Aa gradient 4 age4

P>Blood gas analysis may be less reliable in patients with chronic obstructive pulmonary disease.

Plain film radiographic studies are required in any patient presenting with the symptoms of pulmonary embolus. Recent posteroanterior chest films (within 6 h) are also required when further work-up determines that ventilation-perfusion scanning is necessary. The chest radiographic findings most commonly seen include pulmonary consolidation and hemidiaphragmatic elevation, with each being seen in 40 per cent of patients. As a screening device, this quickly obtainable study can suggest pneumonia, atelectasis, pleural effusion, or pneumothorax as alternative diagnoses. The most interesting finding in patients with pulmonary embolus may be a normal chest radiograph, which can be seen in nearly 40 per cent of cases.

Historically, several radiographic findings were believed to be specific for pulmonary embolus, although more recently these features have been determined to be neither sensitive nor specific. Hampton's hump (a round density at the pleural margin pointing towards the hilum) and Westermark's sign (pulmonary vascular congestion together with regional oligemia) have both been shown to be poor predictors of pulmonary embolus.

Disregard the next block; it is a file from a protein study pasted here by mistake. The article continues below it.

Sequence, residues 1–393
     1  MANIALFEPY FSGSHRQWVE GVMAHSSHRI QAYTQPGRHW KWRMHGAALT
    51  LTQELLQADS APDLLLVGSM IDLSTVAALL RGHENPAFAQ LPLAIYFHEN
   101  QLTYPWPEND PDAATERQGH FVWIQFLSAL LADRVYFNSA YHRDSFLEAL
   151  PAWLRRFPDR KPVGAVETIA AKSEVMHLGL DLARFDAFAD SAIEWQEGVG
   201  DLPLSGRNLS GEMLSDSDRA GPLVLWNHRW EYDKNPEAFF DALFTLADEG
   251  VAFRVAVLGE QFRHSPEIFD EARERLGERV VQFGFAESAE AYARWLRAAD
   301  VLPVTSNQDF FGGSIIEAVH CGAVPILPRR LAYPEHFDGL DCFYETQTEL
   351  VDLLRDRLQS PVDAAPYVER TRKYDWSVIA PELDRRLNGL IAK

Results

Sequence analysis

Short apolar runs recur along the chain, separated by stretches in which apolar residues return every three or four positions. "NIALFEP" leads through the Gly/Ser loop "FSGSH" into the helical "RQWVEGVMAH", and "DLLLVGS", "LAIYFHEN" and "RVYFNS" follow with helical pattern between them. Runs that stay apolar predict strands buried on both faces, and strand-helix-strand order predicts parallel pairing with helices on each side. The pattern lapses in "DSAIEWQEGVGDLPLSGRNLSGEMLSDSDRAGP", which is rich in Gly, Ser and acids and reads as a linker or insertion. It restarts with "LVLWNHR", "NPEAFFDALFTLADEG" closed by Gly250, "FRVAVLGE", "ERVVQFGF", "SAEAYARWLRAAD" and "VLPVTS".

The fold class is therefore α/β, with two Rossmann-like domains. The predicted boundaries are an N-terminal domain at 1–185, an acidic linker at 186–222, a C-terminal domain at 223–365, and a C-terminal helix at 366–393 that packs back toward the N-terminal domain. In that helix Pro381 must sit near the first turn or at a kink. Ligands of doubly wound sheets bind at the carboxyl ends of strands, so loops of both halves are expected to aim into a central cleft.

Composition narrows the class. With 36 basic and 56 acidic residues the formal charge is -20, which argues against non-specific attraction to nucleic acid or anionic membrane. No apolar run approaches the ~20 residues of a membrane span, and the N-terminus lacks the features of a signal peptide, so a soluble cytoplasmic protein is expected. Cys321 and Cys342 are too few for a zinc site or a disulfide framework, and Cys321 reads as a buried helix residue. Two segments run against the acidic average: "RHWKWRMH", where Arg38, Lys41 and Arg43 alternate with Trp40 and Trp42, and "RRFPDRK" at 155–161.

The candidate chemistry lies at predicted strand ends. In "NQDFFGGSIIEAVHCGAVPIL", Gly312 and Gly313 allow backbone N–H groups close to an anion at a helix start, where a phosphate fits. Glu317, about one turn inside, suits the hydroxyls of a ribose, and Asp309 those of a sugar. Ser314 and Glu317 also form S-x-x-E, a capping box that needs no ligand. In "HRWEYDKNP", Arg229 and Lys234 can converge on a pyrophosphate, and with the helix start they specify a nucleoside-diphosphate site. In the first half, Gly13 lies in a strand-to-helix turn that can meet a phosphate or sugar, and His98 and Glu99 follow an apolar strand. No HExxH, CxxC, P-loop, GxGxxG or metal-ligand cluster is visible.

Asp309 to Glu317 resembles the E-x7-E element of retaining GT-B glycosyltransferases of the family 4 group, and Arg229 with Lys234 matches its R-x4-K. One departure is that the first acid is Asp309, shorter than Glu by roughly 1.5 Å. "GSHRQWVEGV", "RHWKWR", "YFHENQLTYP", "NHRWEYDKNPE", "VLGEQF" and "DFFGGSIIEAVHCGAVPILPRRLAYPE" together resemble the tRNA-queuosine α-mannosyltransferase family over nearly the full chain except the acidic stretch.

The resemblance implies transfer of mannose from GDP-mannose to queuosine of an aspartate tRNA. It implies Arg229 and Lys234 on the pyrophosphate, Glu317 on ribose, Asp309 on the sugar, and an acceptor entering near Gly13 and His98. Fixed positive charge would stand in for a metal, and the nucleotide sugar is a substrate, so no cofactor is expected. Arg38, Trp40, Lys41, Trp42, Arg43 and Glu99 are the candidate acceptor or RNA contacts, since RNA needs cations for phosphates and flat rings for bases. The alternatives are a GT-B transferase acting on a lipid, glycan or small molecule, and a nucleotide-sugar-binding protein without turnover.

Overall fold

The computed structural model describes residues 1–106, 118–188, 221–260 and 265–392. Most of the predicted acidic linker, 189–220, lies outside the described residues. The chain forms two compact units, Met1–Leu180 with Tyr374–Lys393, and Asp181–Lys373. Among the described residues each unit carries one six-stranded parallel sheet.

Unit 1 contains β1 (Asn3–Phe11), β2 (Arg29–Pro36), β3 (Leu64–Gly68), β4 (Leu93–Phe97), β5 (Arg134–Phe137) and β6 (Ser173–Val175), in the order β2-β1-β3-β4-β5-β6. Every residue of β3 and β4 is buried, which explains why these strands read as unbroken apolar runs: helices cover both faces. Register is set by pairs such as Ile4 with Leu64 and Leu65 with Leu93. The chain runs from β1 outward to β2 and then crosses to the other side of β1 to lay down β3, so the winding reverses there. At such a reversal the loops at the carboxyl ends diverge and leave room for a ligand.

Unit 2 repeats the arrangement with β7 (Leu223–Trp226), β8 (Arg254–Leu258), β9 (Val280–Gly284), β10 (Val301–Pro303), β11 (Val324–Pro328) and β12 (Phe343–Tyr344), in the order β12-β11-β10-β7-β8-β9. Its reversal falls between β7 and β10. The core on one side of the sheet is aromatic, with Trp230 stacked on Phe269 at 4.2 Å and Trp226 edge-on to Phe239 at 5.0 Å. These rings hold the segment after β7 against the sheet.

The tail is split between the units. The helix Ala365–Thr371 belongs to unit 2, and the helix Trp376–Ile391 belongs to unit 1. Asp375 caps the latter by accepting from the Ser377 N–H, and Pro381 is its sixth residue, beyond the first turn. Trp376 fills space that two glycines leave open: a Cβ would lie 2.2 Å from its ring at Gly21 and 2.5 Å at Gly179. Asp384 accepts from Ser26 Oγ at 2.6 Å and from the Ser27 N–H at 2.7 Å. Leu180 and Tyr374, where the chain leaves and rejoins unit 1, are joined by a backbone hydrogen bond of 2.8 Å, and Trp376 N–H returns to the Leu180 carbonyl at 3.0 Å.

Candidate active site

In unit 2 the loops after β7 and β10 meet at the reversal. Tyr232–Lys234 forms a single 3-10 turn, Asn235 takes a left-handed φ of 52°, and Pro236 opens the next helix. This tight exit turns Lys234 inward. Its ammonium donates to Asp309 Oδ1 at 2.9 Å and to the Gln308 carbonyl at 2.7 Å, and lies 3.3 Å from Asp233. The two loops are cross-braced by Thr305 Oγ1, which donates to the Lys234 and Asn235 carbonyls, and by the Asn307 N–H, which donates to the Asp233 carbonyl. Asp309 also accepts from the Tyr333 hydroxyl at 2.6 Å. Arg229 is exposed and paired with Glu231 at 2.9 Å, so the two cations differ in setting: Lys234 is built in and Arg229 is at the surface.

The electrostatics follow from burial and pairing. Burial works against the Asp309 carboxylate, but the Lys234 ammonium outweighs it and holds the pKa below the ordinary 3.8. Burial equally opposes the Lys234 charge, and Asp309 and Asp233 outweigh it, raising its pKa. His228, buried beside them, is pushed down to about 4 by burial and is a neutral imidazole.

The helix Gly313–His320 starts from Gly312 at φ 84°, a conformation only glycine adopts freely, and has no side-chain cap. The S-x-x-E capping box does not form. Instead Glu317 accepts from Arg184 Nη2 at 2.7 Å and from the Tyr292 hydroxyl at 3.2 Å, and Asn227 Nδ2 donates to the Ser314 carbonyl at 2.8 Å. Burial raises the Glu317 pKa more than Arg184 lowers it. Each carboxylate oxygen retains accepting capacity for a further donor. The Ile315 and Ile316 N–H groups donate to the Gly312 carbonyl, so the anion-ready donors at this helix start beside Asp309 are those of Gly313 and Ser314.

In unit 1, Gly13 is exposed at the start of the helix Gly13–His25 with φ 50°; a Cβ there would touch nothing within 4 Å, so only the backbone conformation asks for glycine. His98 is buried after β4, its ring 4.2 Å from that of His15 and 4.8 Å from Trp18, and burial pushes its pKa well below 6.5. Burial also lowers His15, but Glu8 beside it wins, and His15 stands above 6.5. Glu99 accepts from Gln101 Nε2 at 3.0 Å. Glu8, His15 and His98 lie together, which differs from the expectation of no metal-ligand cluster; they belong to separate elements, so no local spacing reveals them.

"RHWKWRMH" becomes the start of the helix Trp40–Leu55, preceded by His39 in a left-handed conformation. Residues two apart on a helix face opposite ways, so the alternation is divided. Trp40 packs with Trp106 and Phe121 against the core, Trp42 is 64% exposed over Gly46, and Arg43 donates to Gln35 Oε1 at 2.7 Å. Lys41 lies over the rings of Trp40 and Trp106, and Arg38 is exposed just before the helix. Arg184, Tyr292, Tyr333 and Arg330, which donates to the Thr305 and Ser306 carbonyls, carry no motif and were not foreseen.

CT scanning can be a useful addition to the screening armamentarium. Contrast-enhanced CT scanning, particularly spiral CT with its fast acquisition times, which was initially found to discover mural thrombi in the pulmonary vasculature when scanning for other diagnoses, can delineate acute thrombi in second- to fourth-order pulmonary vessels. It can also discern oligemic lung parenchyma, a decrease in the number and caliber of vessels, and a decreased attenuation of the signal in this region. It is also sensitive for diagnosing chronic thromboembolic disease, as it shows both the central mural thrombi and occlusion of smaller arteries. Lung parencyhmal infarction can also be determined, although only 10 per cent of pulmonary emboli will actually result in infarction. A thorough knowledge of bronchovascular anatomy is necessary, as a diagnosis of pulmonary embolism may be misinterpreted by intersegmental lymph nodes or from partially opacified pulmonary veins and thrombosed arteries.

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